Axios Houston

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πŸ€— It's Wednesday. We appreciate your being here.

πŸŒ₯ Today's weather: Mostly cloudy with a high of 70.

🐰 Tastes like: Easter chocolate.

πŸŽ‚ Happy birthday to our Axios Houston member Melissa Stewart!

Today's newsletter is 930 words β€” a 3.5-minute read.

1 big thing: Ken Paxton reaches a deal

Photo illustration: Axios Visuals; Photo: Stefani Reynolds/Getty Images

Texas Attorney General Ken Paxton has dodged criminal prosecution in a long-running felony securities fraud case, agreeing to community service to avoid a trial and conviction.

Why it matters: The agreement with prosecutors appears to be an anticlimactic end to the case β€” and allows Paxton to maintain an unblemished record, even as he has faced myriad accusations of corruption.

Catch up quick: Paxton was indicted on securities fraud charges shortly after he took office as attorney general in 2015.

  • He faced allegations that he had convinced investors, including then-Republican state lawmaker Byron Cook, to purchase at least $100,000 worth of stock in tech startup Servergy without disclosing that he would be paid for it.

Driving the news: Prosecutors agreed Tuesday to drop the securities fraud charges if Paxton performs 100 hours of community service.

  • The agreement also requires him to take legal ethics courses and pay restitution to those he is accused of defrauding.
  • The total amount of restitution will be "somewhere a little bit south of $300,000," prosecutor Brian Wice said, per the Texas Tribune.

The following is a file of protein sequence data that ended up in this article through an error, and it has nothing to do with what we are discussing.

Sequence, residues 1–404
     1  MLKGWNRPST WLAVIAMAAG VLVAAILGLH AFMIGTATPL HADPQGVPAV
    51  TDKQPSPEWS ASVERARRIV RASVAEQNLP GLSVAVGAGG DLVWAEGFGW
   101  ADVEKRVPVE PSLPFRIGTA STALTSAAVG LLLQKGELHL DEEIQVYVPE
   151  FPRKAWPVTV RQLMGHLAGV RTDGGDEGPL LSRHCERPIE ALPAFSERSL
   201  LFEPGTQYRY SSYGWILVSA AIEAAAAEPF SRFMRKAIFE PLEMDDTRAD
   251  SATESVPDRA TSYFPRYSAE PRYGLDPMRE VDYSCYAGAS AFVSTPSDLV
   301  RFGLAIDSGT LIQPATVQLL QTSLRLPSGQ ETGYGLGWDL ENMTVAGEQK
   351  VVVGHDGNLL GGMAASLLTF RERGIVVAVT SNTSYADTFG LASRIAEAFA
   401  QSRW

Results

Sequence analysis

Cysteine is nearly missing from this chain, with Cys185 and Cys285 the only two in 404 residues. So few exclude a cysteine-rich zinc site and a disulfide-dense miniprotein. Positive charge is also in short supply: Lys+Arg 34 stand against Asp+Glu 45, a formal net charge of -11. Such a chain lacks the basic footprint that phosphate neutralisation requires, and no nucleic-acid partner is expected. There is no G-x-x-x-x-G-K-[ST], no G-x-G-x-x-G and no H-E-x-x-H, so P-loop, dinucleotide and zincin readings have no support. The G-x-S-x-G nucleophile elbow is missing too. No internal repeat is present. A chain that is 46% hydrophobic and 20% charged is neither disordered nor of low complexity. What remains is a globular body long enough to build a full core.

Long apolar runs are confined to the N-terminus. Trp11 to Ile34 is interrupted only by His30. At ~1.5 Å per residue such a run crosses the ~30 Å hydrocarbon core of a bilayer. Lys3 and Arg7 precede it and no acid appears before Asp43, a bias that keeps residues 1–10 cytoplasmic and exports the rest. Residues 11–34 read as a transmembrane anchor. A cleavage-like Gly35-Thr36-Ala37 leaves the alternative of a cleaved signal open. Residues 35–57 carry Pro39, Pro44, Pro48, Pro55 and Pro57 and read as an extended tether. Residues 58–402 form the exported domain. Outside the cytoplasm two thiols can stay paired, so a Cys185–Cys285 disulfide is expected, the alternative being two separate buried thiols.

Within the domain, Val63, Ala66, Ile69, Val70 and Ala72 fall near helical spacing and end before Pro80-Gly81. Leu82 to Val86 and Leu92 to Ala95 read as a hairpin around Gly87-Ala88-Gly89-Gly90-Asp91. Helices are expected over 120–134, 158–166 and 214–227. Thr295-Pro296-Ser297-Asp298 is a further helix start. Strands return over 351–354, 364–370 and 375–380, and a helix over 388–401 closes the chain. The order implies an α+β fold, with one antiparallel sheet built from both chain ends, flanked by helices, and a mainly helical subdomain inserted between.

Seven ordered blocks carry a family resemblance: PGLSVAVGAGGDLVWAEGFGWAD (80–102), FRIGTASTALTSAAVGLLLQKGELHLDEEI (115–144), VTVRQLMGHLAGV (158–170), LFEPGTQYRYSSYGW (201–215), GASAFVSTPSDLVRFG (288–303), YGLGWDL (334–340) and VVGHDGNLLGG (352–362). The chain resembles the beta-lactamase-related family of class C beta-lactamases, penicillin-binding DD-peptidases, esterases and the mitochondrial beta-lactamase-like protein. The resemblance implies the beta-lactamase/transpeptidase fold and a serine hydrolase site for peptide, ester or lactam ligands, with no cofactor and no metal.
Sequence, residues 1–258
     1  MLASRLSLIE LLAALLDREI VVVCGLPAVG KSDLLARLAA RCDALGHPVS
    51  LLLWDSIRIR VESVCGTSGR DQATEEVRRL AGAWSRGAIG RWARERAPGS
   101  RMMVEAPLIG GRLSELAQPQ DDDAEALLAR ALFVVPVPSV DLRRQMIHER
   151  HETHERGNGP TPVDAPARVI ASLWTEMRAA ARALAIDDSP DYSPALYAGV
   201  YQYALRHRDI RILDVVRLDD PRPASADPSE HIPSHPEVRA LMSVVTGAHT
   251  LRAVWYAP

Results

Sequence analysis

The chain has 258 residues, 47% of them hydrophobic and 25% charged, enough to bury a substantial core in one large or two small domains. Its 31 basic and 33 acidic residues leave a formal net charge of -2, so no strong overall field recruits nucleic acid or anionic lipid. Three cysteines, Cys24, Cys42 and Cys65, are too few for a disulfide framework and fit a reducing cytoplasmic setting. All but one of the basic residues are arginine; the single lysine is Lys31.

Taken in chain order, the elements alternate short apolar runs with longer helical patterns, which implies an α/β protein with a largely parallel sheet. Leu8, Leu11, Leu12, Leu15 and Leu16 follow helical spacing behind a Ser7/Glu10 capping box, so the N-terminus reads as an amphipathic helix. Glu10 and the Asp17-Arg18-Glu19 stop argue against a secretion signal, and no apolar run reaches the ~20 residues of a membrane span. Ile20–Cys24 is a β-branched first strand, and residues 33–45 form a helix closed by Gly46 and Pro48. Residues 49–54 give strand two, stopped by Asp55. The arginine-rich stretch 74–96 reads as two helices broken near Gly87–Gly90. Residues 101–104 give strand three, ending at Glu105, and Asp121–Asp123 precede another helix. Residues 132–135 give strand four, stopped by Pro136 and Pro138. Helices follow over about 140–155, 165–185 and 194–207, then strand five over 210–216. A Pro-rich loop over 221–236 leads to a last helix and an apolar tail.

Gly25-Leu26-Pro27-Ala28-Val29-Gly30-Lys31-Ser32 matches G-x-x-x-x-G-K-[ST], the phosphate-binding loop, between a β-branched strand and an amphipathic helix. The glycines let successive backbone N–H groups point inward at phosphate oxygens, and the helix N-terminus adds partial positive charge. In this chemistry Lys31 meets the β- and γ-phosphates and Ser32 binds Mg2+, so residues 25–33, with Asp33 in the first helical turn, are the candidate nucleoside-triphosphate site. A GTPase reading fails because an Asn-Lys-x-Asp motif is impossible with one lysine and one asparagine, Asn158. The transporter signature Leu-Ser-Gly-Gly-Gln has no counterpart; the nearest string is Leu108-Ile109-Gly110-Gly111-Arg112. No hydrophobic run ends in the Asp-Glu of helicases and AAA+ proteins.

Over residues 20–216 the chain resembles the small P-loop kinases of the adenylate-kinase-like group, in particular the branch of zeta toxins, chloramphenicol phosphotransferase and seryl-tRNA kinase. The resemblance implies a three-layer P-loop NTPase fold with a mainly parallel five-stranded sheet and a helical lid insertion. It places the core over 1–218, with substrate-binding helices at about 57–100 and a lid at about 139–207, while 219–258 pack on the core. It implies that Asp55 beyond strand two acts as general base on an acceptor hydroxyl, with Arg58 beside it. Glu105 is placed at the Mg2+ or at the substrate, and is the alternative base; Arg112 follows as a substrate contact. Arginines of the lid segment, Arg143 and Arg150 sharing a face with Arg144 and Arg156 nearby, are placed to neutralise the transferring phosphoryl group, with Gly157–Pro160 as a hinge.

What they're saying: Speaking to reporters in Houston on Tuesday, Paxton attorney Dan Cogdell said Paxton was "more than happy to comply" with the terms of the dismissal.

The other side: "​​Something is wrong when the state's top lawyer is forced to take a class on how to be a good lawyer," John Bucy III, a Democratic state lawmaker representing Williamson County, wrote on X.

Read the rest

2. Supreme Court hears Texas abortion pill case

Demonstrators gather in front of the U.S. Supreme Court as the court hears oral arguments Tuesday. Photo: Anna Rose Layden/Getty Images

The U.S. Supreme Court on Tuesday seemed unlikely to broadly restrict access to medication abortion in the court's biggest abortion-related case since overturning Roe v. Wade two years ago.

The big picture: The justices heard oral arguments in a Texas case challenging mifepristone β€” one of the drugs used in medication-induced abortions, which account for about two-thirds of all abortions, writes Axios' Sam Baker.

  • It wasn't clear from those arguments exactly how the court is likely to rule, but multiple conservative justices took issue with parts of the case against mifepristone.
  • Two conservatives would need to join the court's three liberals to uphold the FDA's rules on mifepristone.

Catch up quick: The suit was filed by a group of doctors who object to abortion.

  • They're suing the FDA, challenging two sets of regulatory decisions that made the drug easier to access.

What they're saying: The federal government argued that these doctors didn't have the legal standing to bring this case.

  • They don't prescribe mifepristone, and they don't take it. So they haven't suffered any real injury from the FDA's regulatory decisions, U.S. Solicitor General Elizabeth Prelogar argued.
  • The doctors say the injury is the time spent in the emergency room treating women who have taken mifepristone.
Legal status of medication abortion
Data: Guttmacher Institute; Map: Axios Visuals